Navigating Medical Visits as a Member of the LGBTQ+ Community

As illustrated here, a lot of my blog pieces come from recent personal experiences. Sometimes it’s about new entertainment I learned about, negative allyship experiences, or just new identities I learned more about. Some of these are good, but I also think it’s important to highlighting bad experiences and giving advice on how to handle them. This is what I’m going to do here, regarding medical visits as a queer person. My visit comes from the gynecologist but I am talking about medical professionals in all areas.

  • Do consider coming out to your medical professional

Well I would never tell you anyone to come out, I would suggest to consider doing so when dealing with your medical professionals. This can certainly be scary, but it definitely becomes essential at some point like gynecologists and urologists. When talking about sexual health, such as birth control or other safe sex methods, it is helpful for these professionals to know who and how you may be having sex with.

However, while this helpful, I can totally relate to how scary this can be by explaining my experience at the gynecologists. Basically the doctor was equating experience with knowing my sexual orientation. See, I’m a “virgin.” A couple weeks ago at my first visit to the gynecologist I was asked how I know I’m a lesbian if I’ve never had sex with a man. Now, I’m not going to rant about inappropriate that was. I just wanted to give this example to demonstrate that I understand that it is scary to come out to a medical professional. Despite this, no matter what experiences you’ve had with sex, your biological sex, and gender identity is, it can really help to share this information.

  • Don’t let your medical professional(s) make assumptions about you

There are a lot of assumptions and stereotypes that come with being part of the LGBTQ+ Community. A big example of this is birth control. As a person who identifies within the LGBTQ+ Community, birth control to prevent pregnancy is not always something that one needs to worry about. However, if you do come out to your medical professional, don’t let them assume this. You may seek out the same birth control methods that prevent pregnancy for other reasons such as acne treatment, painful periods, or irregular periods. (ASRM). It’s important that you speak up and ask for this if your medical professional(s) assume you don’t need it because of your sexual orientation. Additionally, birth control also includes safe sex supplies which they should be able to advise you are if need be. Other assumptions include things regarding gender identity and hormones. Don’t let medical professionals assume your gender identity or things about it, like a desire/need to go on hormones

  • Do remember to ask questions

Health classes, especially those surrounding sexual health are typically extremely heteronormative, or education based only on those who are heterosexual. This leaves out a lot of information for those who are not, such as how to practice safe sex. Remember that your medical professionals should know this information and to use them as a reliable source to ask questions.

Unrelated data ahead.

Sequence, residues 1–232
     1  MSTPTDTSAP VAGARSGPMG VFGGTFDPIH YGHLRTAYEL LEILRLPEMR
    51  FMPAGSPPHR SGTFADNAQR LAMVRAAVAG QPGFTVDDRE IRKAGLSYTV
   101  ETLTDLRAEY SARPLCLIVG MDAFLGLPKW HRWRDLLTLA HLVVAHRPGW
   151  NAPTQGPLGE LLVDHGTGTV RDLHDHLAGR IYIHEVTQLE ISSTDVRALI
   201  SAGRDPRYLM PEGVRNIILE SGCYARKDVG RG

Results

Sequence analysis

•  Don’t forget how important this is

Whether you decide to come out to your health professional or not, don’t forget how important your health is. All different health topics, whether just the flu or in regards to sexual health all deal with things that effect your well being. You should try your best to take care of yourself as best you can, despite how scary it can be to share information about your LGBTQ+ identity with medical professionals.

  •  Do be as open as you feel comfortable

It is scary to share information about yourself with others, especially when you are part of a marginalized oppressed community. While being open about your identity would be great in terms of gender identity and pronouns, if you really don’t feel comfortable and you are okay with the repercussions that come with not sharing your identity (such as not learning more about safe sex and letting them possibly misgender you) don’t feel like you are obligated to do so.

  • Don’t accept less than you deserve

In a 2015 study, “medical learners reported being less comfortable with taking a sexual history and discussing safe sexual practices with LGBTQ patients than they are with other patients” (Hayes). The most common reason for this was inadequate training. Similar to the quote in The Perks Of Being a Wallflower quote, don’t accept less than you deserve. If you feel like your medical profession(s) is not trained well enough to help you as an LGBTQ+ individual, consider changing them to someone who can help you better, where you are comfortable.


Hayes, V., Blondeau, W., & Bing-You, R. G. (2015). Assessment of Medical Student and Resident/Fellow Knowledge, Comfort, and Training With Sexual History Taking in LGBTQ Patients. Family Medicine, 47(5), 383-387.

“Noncontraceptive Benefits of Birth Control Pills.” (2011). American Society for Reproductive Medicine.




4 Comments Add yours

  1. Such an important blog post! There’s always the question, “Is there a chance you could be pregnant?” which is annoying as hell after you’ve just gone through your fully homosexual history lmfao


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